For a general introduction on the topic in French, see Pouzat, Davison, and Hinsen (2015Pouzat, Christophe, Andrew Davison, and Konrad Hinsen. 2015. “La Recherche Reproductible : Une Communication Scientifique Explicite.” Statistique Et Société 3 (1). http://www.publications-sfds.fr/index.php/stat_soc/article/view/448.). If you want to explore the topic of reproducible research in French, the Recherche reproductible : principes méthodologiques pour une science transparente MOOC is of interest.
Reproducible research refers to research that can be reproduced under various conditions and by different people. It applies to every area of research, both experimental and computational, but is often (but not always) easier to implement for computational work. The different levels of reproducibility can formalised13 as follows:
Repeat my experiment, i.e. obtain the same tables/graphs/results using the same setup (data, software, …) in the same lab or on the same computer. That’s basically re-running one of my analysis some time after I original developed it.
Reproduce an experiment (not ones own), i.e. obtain the same tables/graphs/results in a different lab or on a different computer, using the same setup (the data would be downloaded from a public repository and the same software, but possibly using a different version, or a different operation system).
Replicate an experiment, i.e. obtain the same (similar enough) tables/graphs/results in a different set up. The data could still be downloaded from the public repository, or possibly re-generated/re-simulated, and the analysis would be re-implemented based on the original description.
Finally, re-use the information/knowledge from one experiment to run a different experiment with the aim to confirm results from scratch.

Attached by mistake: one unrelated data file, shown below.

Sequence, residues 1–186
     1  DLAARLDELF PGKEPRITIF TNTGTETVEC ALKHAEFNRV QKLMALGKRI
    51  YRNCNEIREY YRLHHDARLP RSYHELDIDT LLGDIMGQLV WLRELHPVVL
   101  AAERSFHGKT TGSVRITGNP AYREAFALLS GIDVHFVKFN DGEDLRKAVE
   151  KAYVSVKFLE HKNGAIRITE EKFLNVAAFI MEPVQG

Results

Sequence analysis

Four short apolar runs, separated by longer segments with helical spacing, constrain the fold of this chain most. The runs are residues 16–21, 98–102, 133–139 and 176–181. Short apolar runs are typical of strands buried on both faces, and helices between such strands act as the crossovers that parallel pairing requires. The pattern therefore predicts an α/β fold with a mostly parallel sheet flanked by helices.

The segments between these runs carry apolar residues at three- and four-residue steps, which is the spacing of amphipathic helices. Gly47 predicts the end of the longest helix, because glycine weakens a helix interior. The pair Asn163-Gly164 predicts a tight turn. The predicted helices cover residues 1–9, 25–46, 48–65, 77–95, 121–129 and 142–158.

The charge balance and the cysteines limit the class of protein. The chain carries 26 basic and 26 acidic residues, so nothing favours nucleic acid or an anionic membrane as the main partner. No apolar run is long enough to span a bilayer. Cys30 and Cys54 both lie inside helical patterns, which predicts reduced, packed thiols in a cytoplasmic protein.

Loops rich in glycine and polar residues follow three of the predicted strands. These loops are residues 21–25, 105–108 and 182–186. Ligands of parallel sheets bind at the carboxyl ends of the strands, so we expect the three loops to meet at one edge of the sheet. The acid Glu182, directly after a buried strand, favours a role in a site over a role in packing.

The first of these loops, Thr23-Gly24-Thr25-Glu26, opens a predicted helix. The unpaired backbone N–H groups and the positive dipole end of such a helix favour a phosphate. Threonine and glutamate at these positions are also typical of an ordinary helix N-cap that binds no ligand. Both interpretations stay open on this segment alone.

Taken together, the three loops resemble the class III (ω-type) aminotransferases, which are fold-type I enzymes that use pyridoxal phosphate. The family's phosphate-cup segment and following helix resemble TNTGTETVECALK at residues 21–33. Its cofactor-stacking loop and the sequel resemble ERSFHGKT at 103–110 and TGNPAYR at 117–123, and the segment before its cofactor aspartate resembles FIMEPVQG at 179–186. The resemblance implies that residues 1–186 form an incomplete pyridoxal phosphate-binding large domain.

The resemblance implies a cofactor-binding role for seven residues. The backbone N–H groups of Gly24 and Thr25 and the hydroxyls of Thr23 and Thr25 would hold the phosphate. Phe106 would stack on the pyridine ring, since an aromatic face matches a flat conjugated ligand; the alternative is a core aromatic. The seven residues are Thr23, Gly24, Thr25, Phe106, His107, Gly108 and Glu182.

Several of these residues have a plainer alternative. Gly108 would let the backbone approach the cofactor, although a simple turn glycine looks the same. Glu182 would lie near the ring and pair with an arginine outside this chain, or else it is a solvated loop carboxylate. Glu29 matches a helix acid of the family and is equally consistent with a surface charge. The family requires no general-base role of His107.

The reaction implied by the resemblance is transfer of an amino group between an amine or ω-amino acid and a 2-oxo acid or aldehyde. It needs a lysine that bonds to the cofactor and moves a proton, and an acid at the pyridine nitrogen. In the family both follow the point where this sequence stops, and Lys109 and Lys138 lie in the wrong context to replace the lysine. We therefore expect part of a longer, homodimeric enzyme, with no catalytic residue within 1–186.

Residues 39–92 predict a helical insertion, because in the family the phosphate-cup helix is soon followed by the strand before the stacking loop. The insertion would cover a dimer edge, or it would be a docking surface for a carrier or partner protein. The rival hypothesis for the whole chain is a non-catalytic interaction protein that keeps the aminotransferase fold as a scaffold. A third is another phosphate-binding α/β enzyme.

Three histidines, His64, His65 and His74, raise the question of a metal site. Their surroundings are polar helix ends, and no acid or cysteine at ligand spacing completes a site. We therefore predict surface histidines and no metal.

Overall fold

The table below summerised these concepts focusing on data and code in computational projects.
There are many reasons to work reproducibly, and Markowetz (2015Markowetz, Florian. 2015. “Five Selfish Reasons to Work Reproducibly.” Genome Biology 16 (1): 274. https://doi.org/10.1186/s13059-015-0850-7.) nicely summarises 5 good reasons. Importantly, he stressed out that the first beneficiary of reproducible work are the student/researcher that apply these principles:
Reproducible research is an essential part of any data analysis. With the tools that are available, one can argue that it has become more difficult not to produce reproducible reports than to producing then.
Reproducible documents have been a part of R since the very
beginning. See for example R. Gentleman and Temple Lang (2004Gentleman, Robert, and Duncan Temple Lang. 2004. “Statistical Analyses and Reproducible Research.” Bioconductor Project Working Papers. Working Paper 2. https://biostats.bepress.com/bioconductor/paper2.), to see how such compendia play a
central role within the Bioconductor
project (more about Bioconductor in it’s dedicated
chapter). Originally, these were written in LaTeX, interleaved with R
code chunks, forming so called Sweave documents (with extension
Figure 8.1: The rmarkdown sticker
More recently, it has become to use the
markup language, rather than LaTeX. Once interleaved with R code
chunks, these documents become Rmarkdown files (
.Rmd). The can be
converted into markdown using
knitr::knit, that executes the code
chunk and incorporates their output in the resulting markdown
documents, which itself is converted to one of many output formats,
typically pdf of html using pandoc. In R, this
final conversion is done using
rmarkdown::render (that relies on
knitr::knit converts the
md by executing the code
chunks and replacing the code by its output (text, tables, figures,
md file is then compiled into the desired output
format (typically html
or pdf) using
In practice, in R, these two steps are automatically handled in one
The rmarkdown package is developed and maintained by RStudio and benefits from excellent documentation, support and integrates into the RStudio editor.
An Rmarkdown document is composed of
An optional YAML header, delimited by
Text in simple markdown format.
One or more R code chunks delimited by three backticks. Each code chunk can be uniquely named and parametrised with a set of code chunk options.
These respective parts of an
Rmd file are show below and will be
demonstrated during the course.
The following video, R Markdown: The bigger picture by Garrett Grolemund at a 2019 RStudio conference provides a very nice introduction on the many reasons why writing reproducible documents in essential in data science and biomedical research.